After two days and nights of hard chasing the falcon had its prey in its sights. The rear guard of the Chalcidian army, now under the command of Nikeratos a seasoned captain had been cut of close to the village of Paphasa. This would be the last chance on the retreat to Olynthus for Triptolemus to cement his victory as beyond the arid flats land around Paphasa the Chalcidian peninsula was protected but fortified villages and towns.
(An opportunity then to play a small game using Lion Rampant rules, 28 points each side, one slight modification allowing the better trained Hoplite Phalanx's to move albeit slowly even when formed up, we played the hammer an anvil scenario straight from the book 😀 the battle clearly took place at dusk as the photos are a bit dark !)
General Triptolemus and his Royal Companion Cavalry gallop forward, he had hidden two units in amongst the rocks by the village, the Archers and some slightly untrustworthy Galatian mercenaries. In the distance the Chalcidian rear guard immediately realise they have been trapped, with forces in front and dust clouds appearing behind them (the scenarios forces the blocking force to split its army into three and some has to be brought on behind the enemy from turn two)
A better view of the village, the Chalcidians are looking to force a way through on the west whilst pinning the Mygdonian light troops with light cavalry.
Chalcidian light cavalry, Hoplites and Slingers moving through the village. What you can't see is the unit of Mygdonian Royal Cavalry which having charged on behind rolled a terrible 'double one' and fled the field, the general will have them flayed if he catches them😡
Meanwhile the Galatians, very noisy and smelly are demonstrating at the light cavalry but the cavalry are too clever to be caught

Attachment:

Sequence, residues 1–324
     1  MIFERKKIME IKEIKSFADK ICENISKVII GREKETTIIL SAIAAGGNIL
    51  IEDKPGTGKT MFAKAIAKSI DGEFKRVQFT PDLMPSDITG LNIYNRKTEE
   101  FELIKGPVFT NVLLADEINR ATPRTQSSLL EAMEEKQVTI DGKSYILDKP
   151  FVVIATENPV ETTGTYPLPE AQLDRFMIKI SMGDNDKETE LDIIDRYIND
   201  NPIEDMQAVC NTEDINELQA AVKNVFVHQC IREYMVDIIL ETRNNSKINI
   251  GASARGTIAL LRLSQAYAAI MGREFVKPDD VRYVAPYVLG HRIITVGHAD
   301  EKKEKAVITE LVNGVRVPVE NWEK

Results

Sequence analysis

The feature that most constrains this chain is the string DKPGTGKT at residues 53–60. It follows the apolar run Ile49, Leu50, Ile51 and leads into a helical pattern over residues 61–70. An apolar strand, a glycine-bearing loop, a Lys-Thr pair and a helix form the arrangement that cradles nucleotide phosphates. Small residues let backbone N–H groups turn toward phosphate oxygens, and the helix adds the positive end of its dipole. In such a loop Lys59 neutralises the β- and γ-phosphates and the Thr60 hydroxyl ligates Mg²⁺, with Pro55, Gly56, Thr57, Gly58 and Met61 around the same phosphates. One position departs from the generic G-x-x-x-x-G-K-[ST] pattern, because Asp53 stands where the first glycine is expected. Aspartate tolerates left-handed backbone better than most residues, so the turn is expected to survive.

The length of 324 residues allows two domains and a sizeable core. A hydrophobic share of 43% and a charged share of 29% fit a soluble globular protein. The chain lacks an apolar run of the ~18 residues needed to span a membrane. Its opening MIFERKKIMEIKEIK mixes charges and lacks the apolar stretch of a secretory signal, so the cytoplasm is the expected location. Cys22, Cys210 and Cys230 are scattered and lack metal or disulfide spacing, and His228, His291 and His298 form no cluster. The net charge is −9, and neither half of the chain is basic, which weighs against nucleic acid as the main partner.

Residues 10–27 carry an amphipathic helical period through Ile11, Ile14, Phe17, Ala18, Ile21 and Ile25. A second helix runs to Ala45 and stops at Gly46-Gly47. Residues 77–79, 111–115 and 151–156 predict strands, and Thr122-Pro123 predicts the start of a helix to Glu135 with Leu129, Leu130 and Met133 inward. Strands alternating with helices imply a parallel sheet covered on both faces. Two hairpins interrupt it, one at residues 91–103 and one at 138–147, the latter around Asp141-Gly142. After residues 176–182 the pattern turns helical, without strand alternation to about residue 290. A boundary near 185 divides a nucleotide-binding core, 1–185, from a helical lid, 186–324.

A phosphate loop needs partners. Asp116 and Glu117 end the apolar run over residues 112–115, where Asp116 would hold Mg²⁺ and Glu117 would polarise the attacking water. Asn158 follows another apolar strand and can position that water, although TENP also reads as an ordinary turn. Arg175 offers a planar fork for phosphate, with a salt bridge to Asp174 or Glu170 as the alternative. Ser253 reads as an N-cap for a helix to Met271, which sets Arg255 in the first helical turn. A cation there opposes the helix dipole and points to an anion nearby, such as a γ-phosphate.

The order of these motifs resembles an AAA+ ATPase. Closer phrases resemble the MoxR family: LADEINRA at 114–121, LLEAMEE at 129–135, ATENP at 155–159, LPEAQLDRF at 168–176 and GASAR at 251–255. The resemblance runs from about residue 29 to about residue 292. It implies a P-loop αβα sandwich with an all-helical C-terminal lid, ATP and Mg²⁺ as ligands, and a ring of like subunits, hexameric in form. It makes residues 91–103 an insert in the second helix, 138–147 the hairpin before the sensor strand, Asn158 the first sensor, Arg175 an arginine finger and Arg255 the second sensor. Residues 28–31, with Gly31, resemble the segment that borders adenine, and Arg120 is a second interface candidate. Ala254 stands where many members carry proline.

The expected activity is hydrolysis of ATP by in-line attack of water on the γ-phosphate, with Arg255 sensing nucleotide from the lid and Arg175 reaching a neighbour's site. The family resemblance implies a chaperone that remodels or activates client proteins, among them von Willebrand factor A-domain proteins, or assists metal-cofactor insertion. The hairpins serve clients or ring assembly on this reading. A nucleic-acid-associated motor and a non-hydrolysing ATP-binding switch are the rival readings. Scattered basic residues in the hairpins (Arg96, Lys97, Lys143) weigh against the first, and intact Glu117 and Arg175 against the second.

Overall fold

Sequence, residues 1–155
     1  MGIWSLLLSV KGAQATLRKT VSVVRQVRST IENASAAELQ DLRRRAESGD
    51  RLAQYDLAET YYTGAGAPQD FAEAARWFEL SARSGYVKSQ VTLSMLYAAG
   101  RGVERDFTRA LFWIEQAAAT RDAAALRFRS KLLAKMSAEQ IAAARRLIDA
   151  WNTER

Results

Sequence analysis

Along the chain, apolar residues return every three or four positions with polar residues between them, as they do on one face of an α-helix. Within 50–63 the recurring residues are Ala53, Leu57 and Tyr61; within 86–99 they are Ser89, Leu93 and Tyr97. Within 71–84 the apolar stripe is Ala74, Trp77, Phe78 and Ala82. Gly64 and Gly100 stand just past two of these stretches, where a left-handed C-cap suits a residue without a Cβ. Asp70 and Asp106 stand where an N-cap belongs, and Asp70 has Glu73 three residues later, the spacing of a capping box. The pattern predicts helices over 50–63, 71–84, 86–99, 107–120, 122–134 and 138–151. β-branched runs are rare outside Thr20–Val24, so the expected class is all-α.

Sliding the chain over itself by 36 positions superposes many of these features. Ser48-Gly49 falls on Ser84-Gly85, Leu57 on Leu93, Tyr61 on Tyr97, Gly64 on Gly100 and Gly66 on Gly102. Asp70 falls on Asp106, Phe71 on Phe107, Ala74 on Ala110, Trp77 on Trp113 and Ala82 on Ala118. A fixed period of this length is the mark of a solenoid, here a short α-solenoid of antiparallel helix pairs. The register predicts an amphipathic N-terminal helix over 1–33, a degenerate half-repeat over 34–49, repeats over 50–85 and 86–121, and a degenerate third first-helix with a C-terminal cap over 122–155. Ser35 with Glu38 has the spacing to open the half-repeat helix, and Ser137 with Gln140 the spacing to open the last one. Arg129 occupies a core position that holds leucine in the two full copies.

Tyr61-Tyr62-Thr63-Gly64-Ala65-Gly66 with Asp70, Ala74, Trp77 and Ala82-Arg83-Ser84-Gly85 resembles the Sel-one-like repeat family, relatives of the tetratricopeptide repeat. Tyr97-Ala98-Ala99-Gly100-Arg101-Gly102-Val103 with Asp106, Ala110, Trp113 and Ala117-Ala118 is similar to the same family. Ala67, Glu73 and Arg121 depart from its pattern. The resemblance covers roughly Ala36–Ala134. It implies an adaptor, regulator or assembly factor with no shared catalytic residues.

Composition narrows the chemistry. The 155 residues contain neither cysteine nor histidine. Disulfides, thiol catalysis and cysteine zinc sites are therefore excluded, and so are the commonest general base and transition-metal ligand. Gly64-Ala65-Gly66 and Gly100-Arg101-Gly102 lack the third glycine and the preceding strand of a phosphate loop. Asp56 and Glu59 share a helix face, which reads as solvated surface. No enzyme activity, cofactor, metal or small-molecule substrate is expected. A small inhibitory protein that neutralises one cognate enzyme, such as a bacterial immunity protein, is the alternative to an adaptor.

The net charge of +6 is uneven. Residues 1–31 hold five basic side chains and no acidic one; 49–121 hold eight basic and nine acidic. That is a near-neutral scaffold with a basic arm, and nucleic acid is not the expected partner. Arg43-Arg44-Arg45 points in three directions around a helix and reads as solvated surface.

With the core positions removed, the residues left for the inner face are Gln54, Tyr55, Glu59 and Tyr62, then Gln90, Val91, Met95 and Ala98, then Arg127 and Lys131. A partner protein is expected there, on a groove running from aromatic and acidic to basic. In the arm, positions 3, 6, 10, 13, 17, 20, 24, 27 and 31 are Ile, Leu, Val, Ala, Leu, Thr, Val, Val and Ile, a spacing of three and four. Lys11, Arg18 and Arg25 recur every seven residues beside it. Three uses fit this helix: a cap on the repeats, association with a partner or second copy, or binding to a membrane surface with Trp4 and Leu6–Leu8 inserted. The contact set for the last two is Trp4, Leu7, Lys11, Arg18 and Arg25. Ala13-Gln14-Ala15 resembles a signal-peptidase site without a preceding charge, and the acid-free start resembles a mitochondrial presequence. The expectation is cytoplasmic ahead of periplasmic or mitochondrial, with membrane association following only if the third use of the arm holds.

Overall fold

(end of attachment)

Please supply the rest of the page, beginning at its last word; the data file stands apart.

The General has seen the risk that the Chalcidians will escape down the flank and brings his heavy cavalry across....
Only to see the lighter cavalry scamper past....(the objective for the Chalcidians is to get as many units as possible over the battlefield)
The risk now is on the other flank, so whilst the archers hold the centre ground Triptolemus brings his cavalry across the other side.
Again the light cavalry using its greater speed is able to scamper past off to safety, the infantry however, is much slower and the Royal cavalry charges wildly into battle, despite taking significant casualties the spearmen and leading Hoplites are beaten and scattered.
The battle still in the balance is turning the way of the Mygdonians and Nikeratos is forced to pull back to a low hill outside the village.
The hill of the last stand.....which has ever since been called the Hill of Nikeratos
Rather than waste his own valueable troops Triptolemus sends in the smelly Galatians and the poorly armed Slingers are no match.
Finally then the battle was up only the light cavalry had been able to escape and General Triptolemus was happy that he could now return to Mygdonia a celebrated hero, only the Blood in the Sand remained where the carnage of battle had taken place. Of course with this level of open hostility it would only be a matter of time before King Laertes III would be looking for revenge.